Dr. William C. Pallas, who maintained a practice at Woman’s Hospital on McCallie Avenue near Fort Wood, was interviewed for a December 20, 1965 Chattanooga News-Free Press article.  In the interview, he spoke of looking for “new fields to conquer” including the motel as well as cable television for the Chattanooga market.  “You just find the right investment and then add the correct number of digits,” said Dr. Pallas.  The interview is worthwhile reading at the Public Library for Dr. Pallas’ views on the importance of a strong middle class, a well-rounded education, and the importance of individualism.

A full page advertisement in the January 22, 1966 Chattanooga Times proclaimed the grand opening of the Downtowner.  “In the center of things” was the motel and its 147 units.  J.L. Rainwater was hired away from Orlando, Florida to become the general manager.  The motel offered free wire reservations.  “Everything you need is downtown, and at the Downtowner, you’re there.”  advised the advertisement.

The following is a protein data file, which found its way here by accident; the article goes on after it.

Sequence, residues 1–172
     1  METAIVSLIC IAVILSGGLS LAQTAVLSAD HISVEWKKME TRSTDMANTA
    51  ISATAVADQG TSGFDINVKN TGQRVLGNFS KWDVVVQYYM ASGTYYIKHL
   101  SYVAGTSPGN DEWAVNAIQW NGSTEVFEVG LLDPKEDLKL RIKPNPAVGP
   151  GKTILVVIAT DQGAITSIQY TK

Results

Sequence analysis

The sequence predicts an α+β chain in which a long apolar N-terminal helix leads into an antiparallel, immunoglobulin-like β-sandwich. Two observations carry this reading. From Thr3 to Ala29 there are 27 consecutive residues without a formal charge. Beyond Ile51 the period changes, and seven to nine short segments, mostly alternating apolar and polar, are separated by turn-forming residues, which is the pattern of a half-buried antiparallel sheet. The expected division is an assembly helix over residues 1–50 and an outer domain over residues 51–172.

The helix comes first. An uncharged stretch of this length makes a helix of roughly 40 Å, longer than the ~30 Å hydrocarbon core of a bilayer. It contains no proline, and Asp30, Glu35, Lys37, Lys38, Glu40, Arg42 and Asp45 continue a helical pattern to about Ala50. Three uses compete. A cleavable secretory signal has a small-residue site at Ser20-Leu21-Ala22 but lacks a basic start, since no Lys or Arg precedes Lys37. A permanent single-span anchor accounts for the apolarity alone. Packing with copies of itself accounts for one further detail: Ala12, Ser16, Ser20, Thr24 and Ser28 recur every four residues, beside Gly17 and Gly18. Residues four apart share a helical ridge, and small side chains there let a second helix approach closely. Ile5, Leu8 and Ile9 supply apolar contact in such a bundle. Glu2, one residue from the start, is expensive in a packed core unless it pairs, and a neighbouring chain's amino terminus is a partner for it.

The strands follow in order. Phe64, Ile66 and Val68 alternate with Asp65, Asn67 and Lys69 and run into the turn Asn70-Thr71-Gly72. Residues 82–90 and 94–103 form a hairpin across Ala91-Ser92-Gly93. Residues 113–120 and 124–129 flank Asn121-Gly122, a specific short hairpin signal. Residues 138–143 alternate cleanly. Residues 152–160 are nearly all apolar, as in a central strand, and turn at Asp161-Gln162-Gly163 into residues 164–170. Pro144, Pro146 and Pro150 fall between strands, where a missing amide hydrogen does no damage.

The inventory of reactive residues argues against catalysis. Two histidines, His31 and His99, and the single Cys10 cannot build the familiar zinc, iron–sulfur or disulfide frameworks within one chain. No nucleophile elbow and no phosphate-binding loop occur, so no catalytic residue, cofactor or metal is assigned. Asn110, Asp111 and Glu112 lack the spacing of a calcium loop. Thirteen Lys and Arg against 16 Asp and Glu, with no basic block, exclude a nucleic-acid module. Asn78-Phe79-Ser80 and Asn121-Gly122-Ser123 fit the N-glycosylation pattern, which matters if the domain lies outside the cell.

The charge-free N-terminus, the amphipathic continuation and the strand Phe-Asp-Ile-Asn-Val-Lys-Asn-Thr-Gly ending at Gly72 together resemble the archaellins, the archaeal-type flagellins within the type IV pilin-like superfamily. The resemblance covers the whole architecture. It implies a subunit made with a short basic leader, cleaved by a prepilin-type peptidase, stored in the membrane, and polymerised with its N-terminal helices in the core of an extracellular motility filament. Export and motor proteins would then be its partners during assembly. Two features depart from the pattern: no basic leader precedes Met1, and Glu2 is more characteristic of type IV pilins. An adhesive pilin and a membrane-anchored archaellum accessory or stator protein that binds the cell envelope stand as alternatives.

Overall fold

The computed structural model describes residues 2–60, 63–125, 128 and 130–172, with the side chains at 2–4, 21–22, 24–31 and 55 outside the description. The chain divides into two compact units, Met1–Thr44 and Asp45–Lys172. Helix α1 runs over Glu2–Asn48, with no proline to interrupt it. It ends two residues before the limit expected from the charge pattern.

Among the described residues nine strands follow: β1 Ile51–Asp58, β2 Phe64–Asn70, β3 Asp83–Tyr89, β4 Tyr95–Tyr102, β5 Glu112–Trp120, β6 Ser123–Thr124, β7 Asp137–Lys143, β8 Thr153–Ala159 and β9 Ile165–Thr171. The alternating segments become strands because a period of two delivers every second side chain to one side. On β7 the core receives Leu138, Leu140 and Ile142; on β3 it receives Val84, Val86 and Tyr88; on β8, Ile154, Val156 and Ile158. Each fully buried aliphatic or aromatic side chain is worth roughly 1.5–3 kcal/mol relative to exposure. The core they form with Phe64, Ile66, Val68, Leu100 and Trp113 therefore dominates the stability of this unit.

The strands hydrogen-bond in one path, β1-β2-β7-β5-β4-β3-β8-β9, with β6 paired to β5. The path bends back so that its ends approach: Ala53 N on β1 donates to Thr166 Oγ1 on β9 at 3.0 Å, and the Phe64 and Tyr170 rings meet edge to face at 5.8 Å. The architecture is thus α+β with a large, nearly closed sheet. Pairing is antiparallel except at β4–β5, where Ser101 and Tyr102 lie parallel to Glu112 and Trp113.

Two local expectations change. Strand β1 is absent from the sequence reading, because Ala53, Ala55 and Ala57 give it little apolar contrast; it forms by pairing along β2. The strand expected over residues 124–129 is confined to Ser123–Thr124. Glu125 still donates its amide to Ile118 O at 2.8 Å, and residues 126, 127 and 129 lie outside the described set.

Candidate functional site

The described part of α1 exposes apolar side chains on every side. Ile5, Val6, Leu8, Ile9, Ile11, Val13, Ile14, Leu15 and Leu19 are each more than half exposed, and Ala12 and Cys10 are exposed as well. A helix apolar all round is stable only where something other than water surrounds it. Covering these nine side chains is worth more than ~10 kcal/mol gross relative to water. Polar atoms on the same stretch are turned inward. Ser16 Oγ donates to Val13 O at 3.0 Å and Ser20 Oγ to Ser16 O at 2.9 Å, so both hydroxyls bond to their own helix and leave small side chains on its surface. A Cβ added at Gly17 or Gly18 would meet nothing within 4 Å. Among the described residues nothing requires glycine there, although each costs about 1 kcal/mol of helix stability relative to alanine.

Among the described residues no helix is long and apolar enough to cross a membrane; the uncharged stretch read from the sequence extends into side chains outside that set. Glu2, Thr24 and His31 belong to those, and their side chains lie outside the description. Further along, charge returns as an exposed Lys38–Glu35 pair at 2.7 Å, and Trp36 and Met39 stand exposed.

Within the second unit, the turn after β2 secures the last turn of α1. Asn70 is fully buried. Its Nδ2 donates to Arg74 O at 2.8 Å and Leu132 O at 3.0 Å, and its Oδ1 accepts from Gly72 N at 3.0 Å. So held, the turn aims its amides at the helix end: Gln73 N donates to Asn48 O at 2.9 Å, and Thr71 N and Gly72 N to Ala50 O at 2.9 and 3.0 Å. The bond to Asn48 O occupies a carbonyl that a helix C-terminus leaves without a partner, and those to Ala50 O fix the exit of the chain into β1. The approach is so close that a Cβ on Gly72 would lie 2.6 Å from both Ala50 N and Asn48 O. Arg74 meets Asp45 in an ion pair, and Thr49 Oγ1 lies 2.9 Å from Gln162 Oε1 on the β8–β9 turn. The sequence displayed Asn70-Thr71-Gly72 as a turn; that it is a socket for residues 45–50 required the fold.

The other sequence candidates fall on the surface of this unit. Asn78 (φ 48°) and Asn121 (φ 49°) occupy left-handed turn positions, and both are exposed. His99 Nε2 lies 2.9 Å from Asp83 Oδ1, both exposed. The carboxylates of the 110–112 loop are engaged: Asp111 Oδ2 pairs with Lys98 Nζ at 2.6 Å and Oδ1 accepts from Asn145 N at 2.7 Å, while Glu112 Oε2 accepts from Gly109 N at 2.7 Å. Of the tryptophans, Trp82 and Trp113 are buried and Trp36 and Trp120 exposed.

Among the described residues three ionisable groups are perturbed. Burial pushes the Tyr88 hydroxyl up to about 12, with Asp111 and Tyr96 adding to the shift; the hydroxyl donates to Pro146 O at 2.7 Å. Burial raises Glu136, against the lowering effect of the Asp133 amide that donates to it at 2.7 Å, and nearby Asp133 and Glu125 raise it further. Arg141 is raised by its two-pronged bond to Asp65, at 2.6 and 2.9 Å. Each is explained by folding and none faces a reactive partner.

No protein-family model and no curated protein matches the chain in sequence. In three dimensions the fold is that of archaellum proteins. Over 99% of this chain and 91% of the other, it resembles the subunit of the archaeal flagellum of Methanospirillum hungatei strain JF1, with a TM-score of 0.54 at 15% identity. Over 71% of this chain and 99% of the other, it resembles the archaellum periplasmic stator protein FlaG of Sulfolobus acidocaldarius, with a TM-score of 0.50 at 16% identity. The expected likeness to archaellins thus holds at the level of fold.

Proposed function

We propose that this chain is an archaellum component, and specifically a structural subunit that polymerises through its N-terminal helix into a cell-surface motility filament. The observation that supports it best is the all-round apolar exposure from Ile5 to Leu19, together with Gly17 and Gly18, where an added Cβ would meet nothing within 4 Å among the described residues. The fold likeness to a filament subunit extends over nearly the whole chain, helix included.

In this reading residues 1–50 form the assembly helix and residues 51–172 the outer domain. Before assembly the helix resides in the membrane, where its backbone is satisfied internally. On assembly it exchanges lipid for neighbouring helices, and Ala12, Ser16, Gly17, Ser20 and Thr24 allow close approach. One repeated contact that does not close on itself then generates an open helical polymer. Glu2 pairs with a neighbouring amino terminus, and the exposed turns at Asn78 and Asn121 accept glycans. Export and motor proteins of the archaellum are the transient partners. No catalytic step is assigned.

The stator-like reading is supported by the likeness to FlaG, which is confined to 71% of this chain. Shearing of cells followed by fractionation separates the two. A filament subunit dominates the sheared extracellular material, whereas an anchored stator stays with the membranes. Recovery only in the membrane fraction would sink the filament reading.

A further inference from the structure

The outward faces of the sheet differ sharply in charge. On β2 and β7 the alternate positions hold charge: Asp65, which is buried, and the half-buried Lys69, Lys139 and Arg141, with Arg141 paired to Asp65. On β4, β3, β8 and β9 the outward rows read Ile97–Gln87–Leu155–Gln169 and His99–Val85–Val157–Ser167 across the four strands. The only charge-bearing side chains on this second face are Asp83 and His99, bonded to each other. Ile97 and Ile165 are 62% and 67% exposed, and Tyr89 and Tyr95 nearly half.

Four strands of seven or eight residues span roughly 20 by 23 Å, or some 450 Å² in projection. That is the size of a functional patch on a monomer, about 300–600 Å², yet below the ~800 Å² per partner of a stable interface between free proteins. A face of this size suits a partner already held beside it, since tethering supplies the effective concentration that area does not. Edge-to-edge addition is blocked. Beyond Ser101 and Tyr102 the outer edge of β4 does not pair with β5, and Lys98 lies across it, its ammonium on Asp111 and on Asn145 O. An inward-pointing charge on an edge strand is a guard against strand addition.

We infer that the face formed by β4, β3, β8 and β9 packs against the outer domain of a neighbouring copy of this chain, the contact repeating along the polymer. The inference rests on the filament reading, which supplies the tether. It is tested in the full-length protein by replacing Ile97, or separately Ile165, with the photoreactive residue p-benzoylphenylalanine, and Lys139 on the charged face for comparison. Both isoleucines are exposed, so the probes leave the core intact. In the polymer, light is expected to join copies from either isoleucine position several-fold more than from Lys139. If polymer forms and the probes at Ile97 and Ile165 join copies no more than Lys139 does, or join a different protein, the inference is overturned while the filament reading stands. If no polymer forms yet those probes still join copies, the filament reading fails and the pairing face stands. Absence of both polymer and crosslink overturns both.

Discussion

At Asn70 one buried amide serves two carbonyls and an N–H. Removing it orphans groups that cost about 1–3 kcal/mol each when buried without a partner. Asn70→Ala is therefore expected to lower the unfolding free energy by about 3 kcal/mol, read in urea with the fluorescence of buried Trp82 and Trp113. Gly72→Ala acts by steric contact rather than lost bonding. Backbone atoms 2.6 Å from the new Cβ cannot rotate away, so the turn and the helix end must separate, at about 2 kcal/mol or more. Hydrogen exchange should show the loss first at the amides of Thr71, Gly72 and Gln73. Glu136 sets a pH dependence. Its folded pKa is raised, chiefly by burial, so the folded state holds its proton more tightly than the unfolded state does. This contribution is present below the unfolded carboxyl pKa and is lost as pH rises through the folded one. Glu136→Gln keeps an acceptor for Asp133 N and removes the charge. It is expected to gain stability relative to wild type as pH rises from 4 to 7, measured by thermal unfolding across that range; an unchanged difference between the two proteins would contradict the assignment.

Fronting the motel along Ninth Street was its Flaming Sword Restaurant.  What landmark could one use in finding the eatery?  Just look out for the pile of rocks with a sword thrust into them, and a small blaze surrounding the sword.  In the newness of the Golden Gateway area, the Flaming Sword became a restaurant destination, along with the new Shoney’s and the Holiday Inn’s restaurant in the Zayre’s plaza on the contoured slope of historic Cameron Hill.

Gradually, the newness of the Golden Gateway area began to fade, joining the status of the portions of downtown which had not been renovated.  A less-busy downtown translated into vacancies at the Downtowner.   The parent corporation, affected by similar declines of central business districts across the U.S.,  changed ownership a few times.  At the time of an April 19, 1976 News-Free Press report, a renovation of the motel was being carried out by its franchiser, the Hotel Systems of America, still based in Memphis.  By the time that a September 9, 1981 News-Free Press article appeared, the motel’s name was changing from the Downtowner to the Golden Gateway Motor Inn.